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Chile / South America

Tour Humberstone An Eerie Abandoned Mine In North Chile

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If visiting the dry and dusty Atacama Desert that covers a large majority of Northern Chile, don’t miss the chance to tour Humberstone, an abandoned mining ghost town. This UNESCO World Heritage Site includes the village of Humberstone and the Santa Laura Saltpeter Works. In this desolate region, Chilean Saltpeter, also known as sodium nitrate, was extracted from the driest desert in the world. Saltpeter is used to make explosives and fertilizers.

With the extraction of the saltpeter from the arid desert, the mining camp town of Humberstone was founded in 1872. What’s left behind is a memorial of the harsh circumstances these 3,500 inhabitants had to endure on a daily basis. The walk through is interesting, but hot, a reminder that people actually worked in these grim conditions.

It is possible to take an organized tour of Humberstone, but with plenty of information plaques in Spanish and English, it’s easy to independently tour Humberstone as a day trip from Iquique.

Here’s the complete guide on how to visit the UNESCO Site of Humberstone and Santa Laura Saltpeter Works.

Table of Contents

Where is Humberstone?

Plaza Arturo Prat, Iquique, street, flags, buildings, people, sky, clouds
The busy road leading to Plaza Arturo Prat in Iquique, Chile

Humberstone is located in Northern Chile in the Atacama Desert. One of the closest cities is the port-town of Iquique. Iquique can feel almost like Miami with its laid back beach vibes. Due to its close proximity to the ocean, a visit to the fish market is a must.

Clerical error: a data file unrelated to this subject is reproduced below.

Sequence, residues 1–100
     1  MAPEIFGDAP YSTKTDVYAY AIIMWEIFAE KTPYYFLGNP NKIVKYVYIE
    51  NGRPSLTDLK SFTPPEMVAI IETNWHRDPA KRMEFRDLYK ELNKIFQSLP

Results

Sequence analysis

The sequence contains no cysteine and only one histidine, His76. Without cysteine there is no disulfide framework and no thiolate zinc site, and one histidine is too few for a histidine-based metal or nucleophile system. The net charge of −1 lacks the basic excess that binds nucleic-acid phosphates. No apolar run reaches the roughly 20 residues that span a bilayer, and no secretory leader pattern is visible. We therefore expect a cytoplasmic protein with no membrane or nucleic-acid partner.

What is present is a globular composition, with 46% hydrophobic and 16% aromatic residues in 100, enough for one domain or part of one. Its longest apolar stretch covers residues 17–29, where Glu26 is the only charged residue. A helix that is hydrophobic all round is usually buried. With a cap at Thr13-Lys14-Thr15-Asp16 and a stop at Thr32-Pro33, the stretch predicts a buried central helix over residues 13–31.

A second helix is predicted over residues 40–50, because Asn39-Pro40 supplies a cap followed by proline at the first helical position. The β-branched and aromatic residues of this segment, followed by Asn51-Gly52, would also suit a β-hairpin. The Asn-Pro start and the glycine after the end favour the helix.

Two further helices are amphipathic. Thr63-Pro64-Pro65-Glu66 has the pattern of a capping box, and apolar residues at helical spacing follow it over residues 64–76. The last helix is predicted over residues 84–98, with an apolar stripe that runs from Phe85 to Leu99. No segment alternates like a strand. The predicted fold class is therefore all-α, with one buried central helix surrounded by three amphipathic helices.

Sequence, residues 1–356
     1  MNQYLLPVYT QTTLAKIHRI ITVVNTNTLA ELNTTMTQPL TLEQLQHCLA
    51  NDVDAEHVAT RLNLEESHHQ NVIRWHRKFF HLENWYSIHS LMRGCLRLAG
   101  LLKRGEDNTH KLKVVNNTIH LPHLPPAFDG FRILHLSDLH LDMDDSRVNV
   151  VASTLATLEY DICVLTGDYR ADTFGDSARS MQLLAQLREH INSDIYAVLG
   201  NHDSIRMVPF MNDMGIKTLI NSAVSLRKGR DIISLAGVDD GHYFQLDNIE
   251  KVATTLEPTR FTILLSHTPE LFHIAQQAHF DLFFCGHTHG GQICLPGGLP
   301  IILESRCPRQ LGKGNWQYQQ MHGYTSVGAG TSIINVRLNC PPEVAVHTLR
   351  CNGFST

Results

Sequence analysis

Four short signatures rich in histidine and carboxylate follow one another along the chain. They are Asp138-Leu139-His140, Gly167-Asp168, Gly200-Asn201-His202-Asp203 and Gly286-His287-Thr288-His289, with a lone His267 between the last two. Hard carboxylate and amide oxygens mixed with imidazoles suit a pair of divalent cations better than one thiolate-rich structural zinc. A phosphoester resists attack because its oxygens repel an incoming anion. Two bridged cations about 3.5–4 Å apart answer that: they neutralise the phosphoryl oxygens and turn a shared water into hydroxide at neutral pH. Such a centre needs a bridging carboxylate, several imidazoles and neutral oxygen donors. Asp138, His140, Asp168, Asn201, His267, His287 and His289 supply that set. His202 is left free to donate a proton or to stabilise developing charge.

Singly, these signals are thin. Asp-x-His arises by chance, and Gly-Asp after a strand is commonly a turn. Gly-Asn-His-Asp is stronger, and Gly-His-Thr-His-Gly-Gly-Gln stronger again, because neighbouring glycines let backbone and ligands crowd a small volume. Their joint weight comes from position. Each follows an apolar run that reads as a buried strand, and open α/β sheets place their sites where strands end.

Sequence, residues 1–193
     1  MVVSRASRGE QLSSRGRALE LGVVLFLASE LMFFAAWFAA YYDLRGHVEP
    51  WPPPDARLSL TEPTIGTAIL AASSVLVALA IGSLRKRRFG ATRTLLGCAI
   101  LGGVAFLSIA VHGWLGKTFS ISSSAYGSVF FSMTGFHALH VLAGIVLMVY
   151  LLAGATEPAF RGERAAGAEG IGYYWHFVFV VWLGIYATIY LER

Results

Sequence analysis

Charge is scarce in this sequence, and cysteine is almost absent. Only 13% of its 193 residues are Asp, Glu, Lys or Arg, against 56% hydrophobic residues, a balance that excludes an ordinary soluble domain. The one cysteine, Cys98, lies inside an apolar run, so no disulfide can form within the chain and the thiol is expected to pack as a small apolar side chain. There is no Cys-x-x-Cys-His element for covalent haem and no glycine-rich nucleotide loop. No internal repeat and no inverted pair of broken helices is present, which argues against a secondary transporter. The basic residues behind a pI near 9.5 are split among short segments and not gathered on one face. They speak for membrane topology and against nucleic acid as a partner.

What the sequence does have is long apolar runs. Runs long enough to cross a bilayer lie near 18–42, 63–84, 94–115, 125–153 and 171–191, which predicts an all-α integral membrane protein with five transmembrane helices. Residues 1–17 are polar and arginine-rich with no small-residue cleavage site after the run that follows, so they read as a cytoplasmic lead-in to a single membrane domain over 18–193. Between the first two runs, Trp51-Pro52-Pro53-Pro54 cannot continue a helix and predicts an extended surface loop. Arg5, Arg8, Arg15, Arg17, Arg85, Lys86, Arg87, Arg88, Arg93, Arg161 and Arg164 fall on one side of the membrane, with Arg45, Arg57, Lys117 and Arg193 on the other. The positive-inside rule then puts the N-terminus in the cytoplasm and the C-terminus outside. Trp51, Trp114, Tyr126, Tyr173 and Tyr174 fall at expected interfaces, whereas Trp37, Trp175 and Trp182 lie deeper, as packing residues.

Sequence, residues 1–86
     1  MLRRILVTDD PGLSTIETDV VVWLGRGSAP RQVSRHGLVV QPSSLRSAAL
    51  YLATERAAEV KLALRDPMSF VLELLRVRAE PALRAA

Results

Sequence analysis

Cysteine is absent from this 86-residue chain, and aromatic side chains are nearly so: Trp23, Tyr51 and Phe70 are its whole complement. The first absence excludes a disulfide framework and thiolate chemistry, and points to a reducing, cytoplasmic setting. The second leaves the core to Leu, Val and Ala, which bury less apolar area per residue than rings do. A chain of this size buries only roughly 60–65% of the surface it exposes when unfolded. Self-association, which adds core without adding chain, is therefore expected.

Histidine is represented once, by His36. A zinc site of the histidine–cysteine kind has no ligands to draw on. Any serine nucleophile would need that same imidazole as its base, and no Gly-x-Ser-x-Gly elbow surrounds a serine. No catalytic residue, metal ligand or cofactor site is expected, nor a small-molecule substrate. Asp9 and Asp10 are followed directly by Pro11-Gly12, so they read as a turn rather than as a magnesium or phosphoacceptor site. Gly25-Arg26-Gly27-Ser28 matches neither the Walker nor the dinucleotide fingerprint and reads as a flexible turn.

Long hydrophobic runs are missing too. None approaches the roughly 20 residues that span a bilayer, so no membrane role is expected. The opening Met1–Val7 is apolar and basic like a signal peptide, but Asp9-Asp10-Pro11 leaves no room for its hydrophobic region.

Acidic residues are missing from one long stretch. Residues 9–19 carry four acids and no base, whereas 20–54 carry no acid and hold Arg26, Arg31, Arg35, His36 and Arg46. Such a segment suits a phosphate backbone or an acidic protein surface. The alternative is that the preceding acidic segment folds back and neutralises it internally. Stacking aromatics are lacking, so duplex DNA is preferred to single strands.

Iquique is a great place to spend a few days relaxing and eating as much seafood as possible. This city makes an excellent and much deserved break to chill out for those overland travelers moving slowly south from Peru by bus.

Indeed, it is a great place to soak up the beach vibes, but there are still plenty of things to do in Iquique and touring Humberstone was definitely a highlight of my time here.

Itinerary Planning | All the Awesome Things to do in Iquique Chile

How to Day Trip to Humberstone from Iquique

There are two companies that run frequent small buses to Humberstone from Iquique. Look for the buses with the final destination of Pica, a town known for its natural thermal pool. Between the two companies, there are around 4 departures hourly, sometimes more, sometimes less. One of the bus companies Pullman Santa Angela, posts their daily schedule online here.

The first bus departs to Humberstone at 6:00 and the last at 19:15. Buses depart just one block south of the main Central Market on the street of Barros Arana, block 900.